Quality or Quantity?

It's something I'm often faced with when writing. Do I try to get my thousand words in while the kids are napping? Or do I write the best I can, tightening my prose before I move on?

Whenever I mutter about getting my word count done, lovely Hubby points out that I should worry about the quality not the quantity. Then my jaw about snaps off because I'm gritting my teeth so hard.

I believe it was Nora Roberts who said thefamous quote about being able to fix a bad page but not a blank page. That advice went straight to my writing soul.

So now I live for my word count. And since I don't plot much, I know there are tons of revisions ahead. But as long as I finish I'm happy.

How about you? What's your philosophy and does it work for you?


I have a difficult time at turning my internal editor off. So, yes, I'm constantly editing my words which slows the writing process greatly.

But, I agree, there is something to be said for just letting the words flow, regardless of how badly that may be. I find those times to be the most emotionally fulfilling writing experiences. But serious editing ultimately follows. Sigh.
Jennifer Shirk said…
I have trouble turning the internal editor off too. But I did a Fast Draft challenge once for a week or so, and what I had needed to be tinkered with, but it wasn't half bad.

PS YOu can get snow here:
Jessica said…
HI Eileen,
Well, I'm not completely a free writer. :-) I do edit a few pages before moving onto others, but once I start writing I may change things but don't usually think deeply about plot or GMC. LOL
Jessica said…
Hey Jennifer,
Thanks for the link!
Inspire said…
Hi Jessica,

I also have a hard time turning my internal editor off. Too many times, it slows my writing down.

I don't worry about how many words I get down on a page. My desire is to get through a scene, no matter how many words, 100 or 1000. I agree with your husband about quality writing.

One thing that works for me, is rapid writing. It turns the internal editor off, and it helps to get the flow of writing moving at a quick pace. What you do is have a notebook or a binder with looseleaf paper in it where you write by hand. Have a favorite pen and a favorite place to quietly write. Keep putting things down and resist the urge to go back and read or edit.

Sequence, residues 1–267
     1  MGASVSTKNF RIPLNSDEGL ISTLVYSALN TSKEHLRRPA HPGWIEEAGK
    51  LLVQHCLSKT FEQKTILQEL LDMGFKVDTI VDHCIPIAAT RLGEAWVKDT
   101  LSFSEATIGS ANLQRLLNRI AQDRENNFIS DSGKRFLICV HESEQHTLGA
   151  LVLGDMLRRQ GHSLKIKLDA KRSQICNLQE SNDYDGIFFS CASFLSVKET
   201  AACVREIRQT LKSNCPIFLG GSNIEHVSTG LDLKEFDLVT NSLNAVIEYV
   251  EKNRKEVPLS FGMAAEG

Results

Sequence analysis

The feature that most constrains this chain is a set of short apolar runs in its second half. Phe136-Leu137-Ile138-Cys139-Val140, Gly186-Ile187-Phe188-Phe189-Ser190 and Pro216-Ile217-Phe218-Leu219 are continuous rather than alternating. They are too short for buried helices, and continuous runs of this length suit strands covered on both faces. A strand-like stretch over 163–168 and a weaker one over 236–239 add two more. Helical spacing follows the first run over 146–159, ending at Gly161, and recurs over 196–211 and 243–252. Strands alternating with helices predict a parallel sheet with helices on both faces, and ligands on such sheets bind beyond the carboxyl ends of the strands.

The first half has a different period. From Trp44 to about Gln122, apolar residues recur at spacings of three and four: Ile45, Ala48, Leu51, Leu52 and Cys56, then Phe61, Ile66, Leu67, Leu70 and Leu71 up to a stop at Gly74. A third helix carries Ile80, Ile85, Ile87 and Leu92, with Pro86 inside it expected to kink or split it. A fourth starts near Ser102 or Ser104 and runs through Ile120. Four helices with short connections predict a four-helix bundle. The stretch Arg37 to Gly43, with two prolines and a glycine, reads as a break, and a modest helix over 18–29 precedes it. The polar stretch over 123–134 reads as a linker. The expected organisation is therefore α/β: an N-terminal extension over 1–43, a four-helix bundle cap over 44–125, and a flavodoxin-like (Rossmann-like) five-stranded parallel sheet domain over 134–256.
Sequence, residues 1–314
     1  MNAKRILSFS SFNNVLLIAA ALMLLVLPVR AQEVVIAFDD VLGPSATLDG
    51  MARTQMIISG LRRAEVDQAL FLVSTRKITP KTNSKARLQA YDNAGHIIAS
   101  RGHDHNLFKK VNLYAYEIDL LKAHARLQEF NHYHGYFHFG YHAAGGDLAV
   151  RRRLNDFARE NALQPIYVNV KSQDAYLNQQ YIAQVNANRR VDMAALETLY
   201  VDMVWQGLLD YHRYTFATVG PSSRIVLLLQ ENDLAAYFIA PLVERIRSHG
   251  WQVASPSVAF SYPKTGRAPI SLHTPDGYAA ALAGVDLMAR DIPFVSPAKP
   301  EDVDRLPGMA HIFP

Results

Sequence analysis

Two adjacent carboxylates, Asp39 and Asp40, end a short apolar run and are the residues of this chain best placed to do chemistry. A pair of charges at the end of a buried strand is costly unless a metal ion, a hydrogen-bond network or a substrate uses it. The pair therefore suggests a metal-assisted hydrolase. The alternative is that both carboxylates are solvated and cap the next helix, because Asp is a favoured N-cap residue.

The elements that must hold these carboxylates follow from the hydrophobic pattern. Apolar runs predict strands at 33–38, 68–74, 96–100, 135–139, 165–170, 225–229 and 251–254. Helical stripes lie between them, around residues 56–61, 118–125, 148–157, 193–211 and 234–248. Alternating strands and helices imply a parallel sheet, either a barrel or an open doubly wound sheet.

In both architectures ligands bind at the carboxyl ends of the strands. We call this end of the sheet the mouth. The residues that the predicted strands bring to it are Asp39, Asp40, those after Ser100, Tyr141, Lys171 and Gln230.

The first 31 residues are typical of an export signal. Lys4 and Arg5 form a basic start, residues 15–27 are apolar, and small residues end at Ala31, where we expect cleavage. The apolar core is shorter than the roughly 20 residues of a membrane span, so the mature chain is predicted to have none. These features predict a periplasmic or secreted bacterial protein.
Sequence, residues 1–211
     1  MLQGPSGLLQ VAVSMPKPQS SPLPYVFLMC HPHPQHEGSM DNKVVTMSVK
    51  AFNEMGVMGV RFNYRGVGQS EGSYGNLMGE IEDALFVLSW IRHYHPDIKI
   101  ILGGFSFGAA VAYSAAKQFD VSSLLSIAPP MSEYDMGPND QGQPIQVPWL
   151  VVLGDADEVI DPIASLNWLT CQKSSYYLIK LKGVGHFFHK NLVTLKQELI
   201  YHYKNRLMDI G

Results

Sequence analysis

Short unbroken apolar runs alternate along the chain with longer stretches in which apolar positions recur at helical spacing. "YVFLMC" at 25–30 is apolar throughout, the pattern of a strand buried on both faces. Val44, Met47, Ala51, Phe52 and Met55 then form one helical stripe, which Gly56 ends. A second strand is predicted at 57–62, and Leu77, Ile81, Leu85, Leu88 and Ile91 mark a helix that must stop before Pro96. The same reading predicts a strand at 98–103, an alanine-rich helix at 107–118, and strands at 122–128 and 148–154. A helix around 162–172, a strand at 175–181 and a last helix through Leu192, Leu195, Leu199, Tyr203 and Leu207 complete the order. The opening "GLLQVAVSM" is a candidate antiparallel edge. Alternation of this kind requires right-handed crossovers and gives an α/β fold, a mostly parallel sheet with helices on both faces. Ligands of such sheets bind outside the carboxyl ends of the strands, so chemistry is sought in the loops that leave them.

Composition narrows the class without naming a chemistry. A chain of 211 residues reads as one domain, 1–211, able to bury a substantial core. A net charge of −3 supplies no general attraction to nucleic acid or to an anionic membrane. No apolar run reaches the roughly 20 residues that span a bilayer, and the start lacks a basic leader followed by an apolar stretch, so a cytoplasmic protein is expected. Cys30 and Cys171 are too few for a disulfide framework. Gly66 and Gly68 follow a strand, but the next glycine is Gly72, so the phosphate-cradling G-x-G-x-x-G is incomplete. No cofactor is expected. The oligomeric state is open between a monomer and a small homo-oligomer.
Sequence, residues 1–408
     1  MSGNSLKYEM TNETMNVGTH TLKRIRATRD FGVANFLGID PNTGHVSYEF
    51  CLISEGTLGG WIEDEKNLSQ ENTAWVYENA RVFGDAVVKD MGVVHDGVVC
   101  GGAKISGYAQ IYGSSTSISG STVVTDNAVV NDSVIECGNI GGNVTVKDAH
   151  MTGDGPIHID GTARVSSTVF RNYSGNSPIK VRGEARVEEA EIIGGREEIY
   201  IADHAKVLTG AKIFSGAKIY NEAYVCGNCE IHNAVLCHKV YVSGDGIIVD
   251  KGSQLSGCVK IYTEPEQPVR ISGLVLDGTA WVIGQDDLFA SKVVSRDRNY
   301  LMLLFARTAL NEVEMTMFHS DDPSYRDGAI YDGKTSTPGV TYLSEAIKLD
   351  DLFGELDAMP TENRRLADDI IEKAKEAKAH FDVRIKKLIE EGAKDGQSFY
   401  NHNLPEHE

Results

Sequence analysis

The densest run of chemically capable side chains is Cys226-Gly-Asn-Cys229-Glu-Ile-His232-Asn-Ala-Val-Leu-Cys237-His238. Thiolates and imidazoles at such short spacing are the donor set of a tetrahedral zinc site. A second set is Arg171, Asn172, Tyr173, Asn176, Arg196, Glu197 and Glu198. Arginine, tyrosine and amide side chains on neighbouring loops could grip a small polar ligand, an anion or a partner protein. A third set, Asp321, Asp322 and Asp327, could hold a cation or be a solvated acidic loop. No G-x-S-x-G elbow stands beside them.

haleigh said…
I tend to just write, and worry about fixing it later. Which is probably why I cranked out a manuscript in two months, and then spent four months revising it. I think I'm going to try plotting next time, and see if that keeps me from having to rewrite the entire thing.
Jessica said…
That's a really good idea. Thanks for stopping by. I think I was at your blog when you were at mine. Pretty funny. :-)
Jessica said…
I bet you'd make a great plotter. But still, two months? That's amazing. And you know what? It takes me almost six to get a rough draft. So to have a finished product in six months is pretty amazing!
Sarah said…
I constantly find myself writing a few sentences, re-reading it five times, tightening it here and there, and then realizing an hour has passed and I'm still working on the same paragraph. The worst part is that when I'm finally satisfied, the paragraph probably ends up reading how I originally wrote it anyway.

Sigh...I'm trying to quit doing that.
anita said…
Husbands. They are SO well meaning. Teehee.

I’m a little of both. Quantity and Quality. That’s probably because I do plot and have to make sure things fall a certain way. I don’t really have a routine either. I just write and revise constantly as I go along.

I guess it’s just like anything else in writing. We each have our own way of doing things that work for us. As long as we end up with a completed book at the end, it’s all good. :-)
I'm editing right now. Well, I should say that's what I should be doing. Life is getting in the way at the moment.

Wow, I'm so impressed with your progress - 79% done! BTW, love the new pic.

Susan :)
Jessica said…
Sometimes I do the same thing. I definitely have an internal editor, but even when I give into him, I still feel like I need to get my thousand words in.
I usually do revise the previous page or two, just to get back into the mood of the story. :-)
How is your guy doing?
Jessica said…
I agree, Anita. Once the thing's finished, there's a huge sense of completion and relief. At least for me. :-)
Jessica said…
Thanks Susan! I like this picture and was so bummed when I saw that it has the light spot. I need one of me but I rarely wear alot of makeup, so I gotta get hubby to take one Sunday.
And yes, I need makeup. I just have that kind of face. :-)
Thanks for stopping by.
I love my word counter. It makes me feel so much more successful when I can see the percentage.
Debby Mayne said…
Everyone's process is different, and it can change. I started out a seat-of-the-pants writer, but I learned that I stray from the goal of the characters, and my finished manuscripts are way too long. And I used to set a lofty goal for myself of 20 pages per day. Not anymore. I have a minimum of 5 pages, and I almost always go over, but I don't have to.

As for quality vs. quantity, I think quality is what we all strive for. But quantity is good, too, if you want to make a living as a writer.
Jessica said…
Hey Debby, that's true about quantity helping career-wise.
Wow, 20 pages a day? Whew.
I've been flopping around the idea of plotting too, even though it makes my hair stand on end.

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